Review: Jacobi Steals Show In Branagh's Romeo And Juliet

Romeo and Juliet, Garrick Theatre ★★★★☆

Lettie Mckie
By Lettie Mckie Last edited 31 months ago
Review: Jacobi Steals Show In Branagh's Romeo And Juliet Romeo and Juliet, Garrick Theatre 4
Derek Jacobi (Mercutio) Richard Madden (Romeo) and Jack Colgrave Hirst (Benvolio) in Romeo and Juliet © John Perssonn

In an inspired move, Kenneth Branagh and Rob Ashford cast Derek Jacobi as Mercutio in their oddly comic rendition of Romeo and Juliet, at The Garrick.

With hints of La Dolce Vita, Verona of the 1590s is transformed into the grimy glamour of post-war Italy. Chunky marble, flashing sunglasses, a-line skirts, espresso and double-breasted suits are all present and correct in this slicker than slick production which could have been clichéd, but is just so incredibly sexy.

The comedic interpretation of the story will no doubt split audiences and it's true that sometimes the humour is misplaced. Meera Syal gets it right as the Nurse however, and Kathryn Wilder's gender-swapped Peter is a surprising hit for such a small part.

But it's Jacobi who steals the show — and earns this review an extra star — confirming himself a master of innuendo in the Queen Mab speech, and balancing his stresses as only the greats can. In Jacobi's hands Mercutio is a camp, cane-wielding rake with Godfatheresque menace in the final fight scene. After such a performance his absence in the second act is palpable. Jacobi is so superb in fact that Mercutio's death upstages that of the lovers.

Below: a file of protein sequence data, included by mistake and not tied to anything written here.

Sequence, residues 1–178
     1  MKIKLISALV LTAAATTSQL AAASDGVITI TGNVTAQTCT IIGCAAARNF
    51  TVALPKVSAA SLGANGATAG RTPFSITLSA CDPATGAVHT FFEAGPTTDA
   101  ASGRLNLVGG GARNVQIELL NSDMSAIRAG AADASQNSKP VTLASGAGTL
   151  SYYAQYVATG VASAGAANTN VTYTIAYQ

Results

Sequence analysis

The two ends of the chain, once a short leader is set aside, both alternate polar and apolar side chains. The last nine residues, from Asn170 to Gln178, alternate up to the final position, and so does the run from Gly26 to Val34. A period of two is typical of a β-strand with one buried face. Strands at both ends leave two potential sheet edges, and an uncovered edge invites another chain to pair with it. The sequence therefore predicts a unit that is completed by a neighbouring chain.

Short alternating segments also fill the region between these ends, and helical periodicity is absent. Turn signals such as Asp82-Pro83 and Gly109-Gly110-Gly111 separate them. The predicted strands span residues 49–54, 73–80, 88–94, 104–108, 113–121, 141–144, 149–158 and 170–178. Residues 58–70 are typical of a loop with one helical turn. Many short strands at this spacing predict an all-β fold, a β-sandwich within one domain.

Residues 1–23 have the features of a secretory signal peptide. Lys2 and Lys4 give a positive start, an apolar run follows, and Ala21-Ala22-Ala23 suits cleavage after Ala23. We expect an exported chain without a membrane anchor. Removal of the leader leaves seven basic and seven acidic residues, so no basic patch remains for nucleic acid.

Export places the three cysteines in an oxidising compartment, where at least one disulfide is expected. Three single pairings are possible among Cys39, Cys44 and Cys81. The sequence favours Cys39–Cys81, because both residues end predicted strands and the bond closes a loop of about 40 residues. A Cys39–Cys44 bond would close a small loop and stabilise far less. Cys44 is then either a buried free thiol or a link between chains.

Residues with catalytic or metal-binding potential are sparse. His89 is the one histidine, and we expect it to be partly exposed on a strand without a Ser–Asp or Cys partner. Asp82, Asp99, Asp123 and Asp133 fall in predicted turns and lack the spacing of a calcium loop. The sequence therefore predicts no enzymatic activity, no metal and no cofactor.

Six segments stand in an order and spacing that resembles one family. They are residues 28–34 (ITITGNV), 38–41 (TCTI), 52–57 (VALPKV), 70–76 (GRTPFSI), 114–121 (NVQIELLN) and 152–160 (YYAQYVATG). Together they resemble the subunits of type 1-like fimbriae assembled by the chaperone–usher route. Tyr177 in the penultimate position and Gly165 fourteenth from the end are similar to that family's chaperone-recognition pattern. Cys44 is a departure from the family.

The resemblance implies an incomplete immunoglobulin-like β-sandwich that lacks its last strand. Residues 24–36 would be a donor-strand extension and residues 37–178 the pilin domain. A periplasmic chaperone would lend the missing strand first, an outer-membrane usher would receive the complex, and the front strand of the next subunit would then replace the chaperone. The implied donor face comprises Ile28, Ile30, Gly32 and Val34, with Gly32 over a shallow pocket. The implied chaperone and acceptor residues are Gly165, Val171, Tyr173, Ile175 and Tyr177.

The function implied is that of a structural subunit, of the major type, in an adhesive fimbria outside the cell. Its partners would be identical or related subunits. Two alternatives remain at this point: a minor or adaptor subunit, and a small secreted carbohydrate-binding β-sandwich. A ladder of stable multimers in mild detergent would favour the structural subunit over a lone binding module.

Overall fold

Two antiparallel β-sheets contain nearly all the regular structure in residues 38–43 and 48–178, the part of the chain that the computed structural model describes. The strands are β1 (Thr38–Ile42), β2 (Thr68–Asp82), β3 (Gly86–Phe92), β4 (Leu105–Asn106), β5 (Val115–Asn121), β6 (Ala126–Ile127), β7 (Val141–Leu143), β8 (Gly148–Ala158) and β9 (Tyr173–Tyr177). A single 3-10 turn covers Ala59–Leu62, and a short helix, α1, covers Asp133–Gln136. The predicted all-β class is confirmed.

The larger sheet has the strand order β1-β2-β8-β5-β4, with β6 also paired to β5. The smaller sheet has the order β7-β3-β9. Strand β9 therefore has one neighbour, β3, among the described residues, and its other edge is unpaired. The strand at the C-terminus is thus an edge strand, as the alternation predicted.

Speaking of which.

Lily James's rebellious Juliet chugs on a stolen bottle of wine in the balcony scene and throughout brings a courageous sexiness to the character. Frankly she wipes the floor with Richard Madden who, although beautiful to look at, thumps out the verse like he is pounding meat. The one really weak link the in production, his faults can largely be forgiven only because James is good enough for the both of them.

As the pair hurtle towards their untimely doom the difference in their abilities becomes more pronounced. While Madden does little else but ring his hands before dying, James deftly conveys Juliet's desperation of waking up distraught in the tomb.

Visually, at least, the final scene embodies the full force of the tragedy. A gloomy theatrical Catholicism hangs over the lovers' final resting place, a shaft of moonlight illuminating their faces. Jacobi's final words "a plague on both your houses" seem to echo in the silence.

Romeo and Juliet is on at The Garrick, 2 Charing Cross Road, WC2H 0HH until 13 August. Tickets from £15. Londonist saw this show on a complimentary ticket.

Last Updated 26 May 2016